Articles Tagged with “Multiple Sclerosis”

O’Ryan Law Firm, on behalf of client Stacy K., recently filed a federal lawsuit against Reliance Standard Life Insurance Company after Reliance Standard wrongfully terminated her disability benefits after paying the benefits for three years. Stacy was employed as a Case Manager with Southern Hills Counseling Center which made her eligible for disability benefits under her employee benefit plan.

Stacy was forced to stop working in May 2014 due to the disabling effects of Multiple Sclerosis and severe migraine headaches.  Multiple sclerosis is an unpredictable, often disabling disease of the central nervous system that disrupts the flow of information within the brain, and between the brain and body.  MS is a type of autoimmune disorder. It isn’t known what causes Multiple Sclerosis, although environmental factors and genetics are believed to play a role.  Common symptoms include problems with balance and sensation, difficulty walking, leg or arm movement, fatigue, muscle spasms, tingling, numbness, and bladder control.  The symptoms, severity, and duration can vary from person to person.  Tremors can occur during precise movements, in the hands, or limbs.

Currently, multiple sclerosis is not a curable disease. Treatment strategies can help slow or modify the course of the disease, including treatment of relapses, and make the patient more comfortable.

Cigna, headquartered in Bloomfield, Connecticut, is a global health services organization and its insurance subsidiaries are major providers of medical, dental, disability, life and accident insurance and related products and services, the majority of which are offered through employers and other groups. CIGNA is one of the top health insurers in North America, with medical plans covering nearly 12 million people. Cigna operates in 30 countries, has approximately 40,000 employees and manages around $54 billion in assets.

CIGNA is the parent company of Life Insurance Company of North America. Life Insurance Company of North America (“LINA”) offers group life, accident, and disability insurance to employers. LINA was formed in 1956 by Insurance Company of North America (INA), a CIGNA predecessor company. LINA provides group disability insurance to many employers across Indiana including Toyota, the University of Notre Dame, State Farm, Sony Electronics, Covance and many others. Employees of these companies are provided short and long term disability benefits if they become unable to work due to injury or illness. LINA is responsible for processing the claims and making monthly benefit payments if the claimant proves that they are disabled and unable to return to their own occupation.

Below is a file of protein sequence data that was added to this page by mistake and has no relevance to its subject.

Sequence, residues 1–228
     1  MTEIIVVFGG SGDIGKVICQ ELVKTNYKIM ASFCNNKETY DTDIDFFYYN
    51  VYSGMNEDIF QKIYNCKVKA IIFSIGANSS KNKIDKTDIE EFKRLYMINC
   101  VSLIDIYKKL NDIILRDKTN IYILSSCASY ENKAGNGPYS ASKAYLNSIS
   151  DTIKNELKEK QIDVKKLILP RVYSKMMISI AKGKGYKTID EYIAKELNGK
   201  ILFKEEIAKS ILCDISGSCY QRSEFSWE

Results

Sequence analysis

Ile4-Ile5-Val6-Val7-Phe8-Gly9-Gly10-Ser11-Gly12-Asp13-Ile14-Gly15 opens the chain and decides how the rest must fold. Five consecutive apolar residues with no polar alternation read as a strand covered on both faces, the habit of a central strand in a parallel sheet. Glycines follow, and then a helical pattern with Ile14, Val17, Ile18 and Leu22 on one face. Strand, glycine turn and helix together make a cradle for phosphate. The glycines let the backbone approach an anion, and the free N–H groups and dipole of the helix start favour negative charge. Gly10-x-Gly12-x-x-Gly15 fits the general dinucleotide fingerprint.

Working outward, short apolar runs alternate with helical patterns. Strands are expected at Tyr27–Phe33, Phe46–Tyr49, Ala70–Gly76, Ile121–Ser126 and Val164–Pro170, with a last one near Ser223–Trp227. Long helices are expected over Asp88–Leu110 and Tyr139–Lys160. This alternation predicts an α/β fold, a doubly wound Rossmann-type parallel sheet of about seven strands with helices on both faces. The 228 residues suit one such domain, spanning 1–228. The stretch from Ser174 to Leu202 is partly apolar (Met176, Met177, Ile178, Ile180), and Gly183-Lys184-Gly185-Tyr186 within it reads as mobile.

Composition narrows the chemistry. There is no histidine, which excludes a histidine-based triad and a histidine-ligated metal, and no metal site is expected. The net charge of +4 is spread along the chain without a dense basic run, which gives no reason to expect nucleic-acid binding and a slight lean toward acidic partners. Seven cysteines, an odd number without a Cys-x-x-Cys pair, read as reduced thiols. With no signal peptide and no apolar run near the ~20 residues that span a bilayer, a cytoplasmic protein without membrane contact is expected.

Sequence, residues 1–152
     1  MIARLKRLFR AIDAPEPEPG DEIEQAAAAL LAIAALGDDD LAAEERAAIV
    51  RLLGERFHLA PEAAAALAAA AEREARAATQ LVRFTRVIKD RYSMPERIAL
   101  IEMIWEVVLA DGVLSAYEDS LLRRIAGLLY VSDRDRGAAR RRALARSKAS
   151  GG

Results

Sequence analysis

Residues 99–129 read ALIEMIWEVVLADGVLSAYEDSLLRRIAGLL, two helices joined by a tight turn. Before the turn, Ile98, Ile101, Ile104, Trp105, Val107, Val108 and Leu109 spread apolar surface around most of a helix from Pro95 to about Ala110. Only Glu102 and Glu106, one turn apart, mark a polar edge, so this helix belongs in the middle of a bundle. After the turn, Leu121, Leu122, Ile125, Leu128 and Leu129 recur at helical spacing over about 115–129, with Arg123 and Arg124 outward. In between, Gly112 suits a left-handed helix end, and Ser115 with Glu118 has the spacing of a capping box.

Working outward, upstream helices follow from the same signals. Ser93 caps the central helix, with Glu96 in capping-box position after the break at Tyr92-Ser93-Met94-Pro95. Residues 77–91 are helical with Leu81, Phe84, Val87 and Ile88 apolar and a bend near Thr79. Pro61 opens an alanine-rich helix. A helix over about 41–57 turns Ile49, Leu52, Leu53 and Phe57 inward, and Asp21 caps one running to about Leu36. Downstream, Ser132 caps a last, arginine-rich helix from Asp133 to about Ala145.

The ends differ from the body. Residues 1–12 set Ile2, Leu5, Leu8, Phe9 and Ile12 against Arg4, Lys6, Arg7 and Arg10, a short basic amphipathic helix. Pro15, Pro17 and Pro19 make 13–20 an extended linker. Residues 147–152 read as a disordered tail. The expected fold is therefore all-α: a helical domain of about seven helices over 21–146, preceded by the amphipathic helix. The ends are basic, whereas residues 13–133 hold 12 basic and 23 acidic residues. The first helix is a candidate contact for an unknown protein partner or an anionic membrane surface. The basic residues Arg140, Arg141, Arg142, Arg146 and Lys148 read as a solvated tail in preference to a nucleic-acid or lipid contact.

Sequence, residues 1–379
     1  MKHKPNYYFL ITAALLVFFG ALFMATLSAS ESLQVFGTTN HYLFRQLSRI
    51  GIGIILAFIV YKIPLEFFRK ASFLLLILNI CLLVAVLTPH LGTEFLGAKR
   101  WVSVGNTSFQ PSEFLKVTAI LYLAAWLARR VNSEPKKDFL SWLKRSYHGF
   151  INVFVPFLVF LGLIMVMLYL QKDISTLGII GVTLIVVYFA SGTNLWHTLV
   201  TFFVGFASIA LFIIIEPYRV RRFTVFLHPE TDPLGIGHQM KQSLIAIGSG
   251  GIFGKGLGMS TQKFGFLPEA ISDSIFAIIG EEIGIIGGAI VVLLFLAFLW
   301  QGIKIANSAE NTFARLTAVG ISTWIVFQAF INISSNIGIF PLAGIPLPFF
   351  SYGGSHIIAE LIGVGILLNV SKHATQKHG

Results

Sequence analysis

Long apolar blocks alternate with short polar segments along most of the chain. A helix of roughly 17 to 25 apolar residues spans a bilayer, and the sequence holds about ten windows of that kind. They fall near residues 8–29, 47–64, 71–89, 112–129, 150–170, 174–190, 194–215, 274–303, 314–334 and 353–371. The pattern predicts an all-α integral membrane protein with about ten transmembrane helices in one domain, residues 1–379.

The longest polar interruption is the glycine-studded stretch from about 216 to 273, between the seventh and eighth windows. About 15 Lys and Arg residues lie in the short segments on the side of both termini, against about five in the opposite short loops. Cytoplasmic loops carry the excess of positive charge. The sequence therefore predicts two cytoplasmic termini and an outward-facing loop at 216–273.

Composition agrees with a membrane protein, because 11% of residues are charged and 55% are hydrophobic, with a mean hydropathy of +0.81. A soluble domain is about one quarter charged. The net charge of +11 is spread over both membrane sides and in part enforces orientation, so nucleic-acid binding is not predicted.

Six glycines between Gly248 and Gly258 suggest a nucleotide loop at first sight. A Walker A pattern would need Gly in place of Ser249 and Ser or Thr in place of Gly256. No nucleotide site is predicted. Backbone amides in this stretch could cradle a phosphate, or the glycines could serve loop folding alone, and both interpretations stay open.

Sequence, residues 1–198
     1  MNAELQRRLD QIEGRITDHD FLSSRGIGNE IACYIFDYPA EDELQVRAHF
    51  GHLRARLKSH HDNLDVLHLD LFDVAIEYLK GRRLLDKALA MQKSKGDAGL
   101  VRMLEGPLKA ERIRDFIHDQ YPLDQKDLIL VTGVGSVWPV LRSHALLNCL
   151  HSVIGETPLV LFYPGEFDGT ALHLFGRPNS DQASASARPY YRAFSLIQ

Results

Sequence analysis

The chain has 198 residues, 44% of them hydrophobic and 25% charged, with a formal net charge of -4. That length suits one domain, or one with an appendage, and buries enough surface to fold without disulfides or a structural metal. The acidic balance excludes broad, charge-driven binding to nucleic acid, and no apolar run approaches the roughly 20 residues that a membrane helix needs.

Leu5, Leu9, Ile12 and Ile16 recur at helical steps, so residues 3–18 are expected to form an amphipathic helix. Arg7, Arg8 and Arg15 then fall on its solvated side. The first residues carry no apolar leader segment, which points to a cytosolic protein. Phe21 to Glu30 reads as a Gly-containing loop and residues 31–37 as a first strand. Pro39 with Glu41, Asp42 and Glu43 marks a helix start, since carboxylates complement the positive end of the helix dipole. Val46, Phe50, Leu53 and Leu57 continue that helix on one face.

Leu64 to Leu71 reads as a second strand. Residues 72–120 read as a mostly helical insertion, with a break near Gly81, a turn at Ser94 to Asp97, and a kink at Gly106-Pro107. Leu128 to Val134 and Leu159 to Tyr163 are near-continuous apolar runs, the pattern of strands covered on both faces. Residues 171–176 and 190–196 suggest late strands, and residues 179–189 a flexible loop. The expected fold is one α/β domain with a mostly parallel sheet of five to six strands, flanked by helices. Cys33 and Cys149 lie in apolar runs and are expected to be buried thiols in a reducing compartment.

During the claims process, LINA will have a Nurse Case Manager review the medical records to determine whether an individual meets the definition of Disabled under the terms of the policy. If necessary, the Nurse Case Manager will escalate the review to a Cigna Medical Director who is an employee of Cigna. The Medical Director will also review the medical records and reports to determine whether the restrictions and limitations listed by the claimant’s treating physician are supported by the medical records. It is not uncommon for the Nurse Case Manager and Cigna Medical Director to disagree with the treating physician and to find that the claimant is able to return to work despite the medical evidence supporting the claim.
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Multiple Sclerosis is an autoimmune disease that affects the brain and spinal cord. The symptoms and severity of Multiple Sclerosis (MS) can vary among those afflicted with the disease, but it is not uncommon for the condition to prevent a person from working. Symptoms can include fatigue, loss of balance, muscle spasms, numbness, weakness, tremors, problems with coordination, difficulty walking, vision problems, bowel/bladder difficulties, inability to concentrate, memory problems, and speech impairments.

When MS prevents a person from working and they file a disability claim with their insurance company or the Social Security Administration, there are a few things that can help prove that MS is disabling. The first step is to make sure that the patient has been diagnosed properly. That includes undergoing exams like MRIs of the brain and spine, nerve function studies, and lumbar punctures. These objective test results are essential to ruling out other conditions and determining whether a patient has MS. Moreover, these test results can also indicate the severity level of a patient’s MS.
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